Can stiffer laws deter gender violence? Here's what experts say

Crime scene. Cases of femicide have been on the rise.

Photo credit: File | Nation Media Group

What you need to know:

  • Domestic or intimate partner violence is a social pandemic in Kenya.
  • It has huge economic costs, considering the lost income-generation opportunities and money diverted to medication and legal fees.

On January 19, President William Ruto’s women rights agency adviser, Harriet Chiggai, told journalists she intended to push for stiffer penalties for domestic violence perpetrators.

Her office had called for a media briefing to condemn the horrifying rise in the killing of women, some butchered in an unimaginable manner. On Rita Waeni's murder, for instance, the police said the perpetrator used a hacksaw to slice her off.

Domestic or intimate partner violence is a social pandemic in Kenya, with huge economic costs on the lives of the affected, considering the lost income-generation opportunities and money diverted to medication and legal fees.

From the 2022 Kenya Demographic and Health Survey data, married women in the country are more likely to experience physical violence from their current husbands or intimate partners, at 54 per cent, two times the global average of 27 per cent.

Similarly, 34 per cent of the ever-partnered women are likely to suffer the same fate from a former husband or intimate partner. A 43-year-old man, for example, stabbed and injured his ex-wife and new lover in Kiambu two weeks ago.

At the same time, 70.9 per cent of ever-partnered women have suffered sexual violence from current husband or intimate partner, and 19.2 per cent from former husband or intimate partner.

Spain is often singled out as a country that has set an example in tackling domestic violence.

Going by the United Nations Statistics Division data, Spain has the least number of women who have been subjected to physical or sexual violence in the last 12 months.  

The country’s Ministry of Equality macro-survey on violence against women in 2019 revealed that 1.8 per cent of women aged 16 years and over had been victims of physical and/or sexual violence from a current or former partner in the last 12 months. 

And over a lifetime, 14.2 per cent had suffered the same.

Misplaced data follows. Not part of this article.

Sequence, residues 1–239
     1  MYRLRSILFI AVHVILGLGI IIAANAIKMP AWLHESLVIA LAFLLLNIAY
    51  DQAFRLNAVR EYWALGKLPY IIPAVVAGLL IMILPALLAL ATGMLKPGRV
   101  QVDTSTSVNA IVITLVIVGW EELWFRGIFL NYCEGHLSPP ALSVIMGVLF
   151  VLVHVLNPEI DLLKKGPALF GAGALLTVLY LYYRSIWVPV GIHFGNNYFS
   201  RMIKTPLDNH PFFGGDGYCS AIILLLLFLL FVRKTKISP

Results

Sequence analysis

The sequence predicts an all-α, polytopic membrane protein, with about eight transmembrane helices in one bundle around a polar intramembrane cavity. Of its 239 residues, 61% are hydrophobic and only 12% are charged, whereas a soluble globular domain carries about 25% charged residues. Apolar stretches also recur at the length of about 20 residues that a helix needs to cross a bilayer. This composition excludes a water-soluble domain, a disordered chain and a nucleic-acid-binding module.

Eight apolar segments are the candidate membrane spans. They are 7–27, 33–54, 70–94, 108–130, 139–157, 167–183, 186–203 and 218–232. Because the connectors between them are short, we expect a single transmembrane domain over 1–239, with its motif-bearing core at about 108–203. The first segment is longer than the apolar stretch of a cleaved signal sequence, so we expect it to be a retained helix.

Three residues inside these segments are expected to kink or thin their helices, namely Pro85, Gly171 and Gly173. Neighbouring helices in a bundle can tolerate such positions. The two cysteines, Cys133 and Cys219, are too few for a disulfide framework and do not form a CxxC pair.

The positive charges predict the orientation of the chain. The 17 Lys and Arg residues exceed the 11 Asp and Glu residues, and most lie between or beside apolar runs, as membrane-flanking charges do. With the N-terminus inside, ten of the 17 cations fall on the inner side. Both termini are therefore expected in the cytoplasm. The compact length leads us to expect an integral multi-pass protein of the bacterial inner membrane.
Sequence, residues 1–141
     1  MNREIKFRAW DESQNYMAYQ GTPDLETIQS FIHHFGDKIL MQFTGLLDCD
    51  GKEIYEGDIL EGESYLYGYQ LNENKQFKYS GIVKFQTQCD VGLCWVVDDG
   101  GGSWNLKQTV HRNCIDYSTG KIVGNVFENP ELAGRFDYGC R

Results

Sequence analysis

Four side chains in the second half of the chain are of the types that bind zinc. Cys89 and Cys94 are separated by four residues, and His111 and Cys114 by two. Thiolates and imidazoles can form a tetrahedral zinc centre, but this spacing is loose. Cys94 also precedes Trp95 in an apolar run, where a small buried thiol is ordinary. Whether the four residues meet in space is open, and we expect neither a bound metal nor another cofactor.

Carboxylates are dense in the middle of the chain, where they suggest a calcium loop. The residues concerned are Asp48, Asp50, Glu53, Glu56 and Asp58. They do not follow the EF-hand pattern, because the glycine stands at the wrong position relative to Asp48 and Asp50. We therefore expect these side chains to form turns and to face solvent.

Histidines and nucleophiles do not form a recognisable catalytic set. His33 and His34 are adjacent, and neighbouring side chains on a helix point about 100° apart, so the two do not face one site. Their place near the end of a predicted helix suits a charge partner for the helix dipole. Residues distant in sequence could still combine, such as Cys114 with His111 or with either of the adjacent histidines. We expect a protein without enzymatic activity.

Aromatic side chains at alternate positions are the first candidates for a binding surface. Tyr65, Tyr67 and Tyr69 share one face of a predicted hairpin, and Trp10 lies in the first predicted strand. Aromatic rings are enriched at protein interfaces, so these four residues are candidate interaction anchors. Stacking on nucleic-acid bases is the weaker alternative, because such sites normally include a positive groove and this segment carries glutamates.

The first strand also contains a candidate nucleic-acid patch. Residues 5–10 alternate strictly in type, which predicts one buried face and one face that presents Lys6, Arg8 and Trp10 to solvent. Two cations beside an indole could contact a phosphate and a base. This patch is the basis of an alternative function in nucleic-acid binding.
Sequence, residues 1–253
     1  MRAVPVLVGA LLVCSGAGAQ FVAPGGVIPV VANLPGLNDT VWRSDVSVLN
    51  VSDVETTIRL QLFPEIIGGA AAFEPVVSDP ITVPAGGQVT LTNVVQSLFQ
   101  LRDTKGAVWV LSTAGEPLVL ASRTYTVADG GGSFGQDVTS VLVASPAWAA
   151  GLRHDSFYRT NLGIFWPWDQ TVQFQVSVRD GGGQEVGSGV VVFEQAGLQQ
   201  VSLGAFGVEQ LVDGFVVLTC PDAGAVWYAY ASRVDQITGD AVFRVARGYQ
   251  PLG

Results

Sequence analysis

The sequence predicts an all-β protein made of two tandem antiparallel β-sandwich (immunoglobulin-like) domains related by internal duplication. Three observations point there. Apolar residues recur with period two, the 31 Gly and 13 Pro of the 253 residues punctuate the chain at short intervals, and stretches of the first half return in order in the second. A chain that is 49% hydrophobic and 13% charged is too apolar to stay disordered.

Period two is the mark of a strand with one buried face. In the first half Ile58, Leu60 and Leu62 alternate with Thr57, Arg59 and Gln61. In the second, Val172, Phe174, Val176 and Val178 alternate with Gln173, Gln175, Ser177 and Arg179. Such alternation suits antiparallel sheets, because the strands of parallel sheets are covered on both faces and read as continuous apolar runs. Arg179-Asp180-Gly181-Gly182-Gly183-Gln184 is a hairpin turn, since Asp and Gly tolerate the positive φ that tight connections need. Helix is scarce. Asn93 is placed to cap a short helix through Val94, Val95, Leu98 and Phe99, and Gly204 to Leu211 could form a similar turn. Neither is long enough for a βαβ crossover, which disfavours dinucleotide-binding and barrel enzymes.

Spain is often quoted for taking the lead in fighting domestic violence owing to the fact that it became the first country in Europe to pass laws specific to address gender violence.

On December 28, 2004, the Spanish government passed the Organic Act on Integrated Protection Measures against Gender Violence. An important highlight in this law is the use of the education system to instil values of respect for humanity.

The law makes it clear that children from the pre-school level are introduced to conflict-solving skills, which are further advanced at primary level. By the end of school, they are knowledgeable on the peaceful solution of conflicts and defending sexual equality.

This is missing in Kenya’s Protection against Domestic Violence Act (2015), which gives power to courts to direct parties involved in domestic violence to go for counselling or mediation.

Additionally, there are at least 17 courts designated for prosecution of gender-based offences (GBV) in Spain, compared to Kenya’s five, besides the six GBV registries.

But can stiffer penalties deter domestic violence?

In an earlier interview, gender expert Enock Opuka recommended proper upbringing as a pivotal preventative measure.

“With discipline, a boy knows how to respect a girl and a girl knows how to respect a boy,” Dr Opuka said.

While Equality Now End Sexual Violence programme officer Jean Paul Murunga said before introducing new laws, the existing ones ought to be effectively implemented.

“If we don't implement the laws we already have, additional penalties will just be on paper but in reality none is convicted,” he said.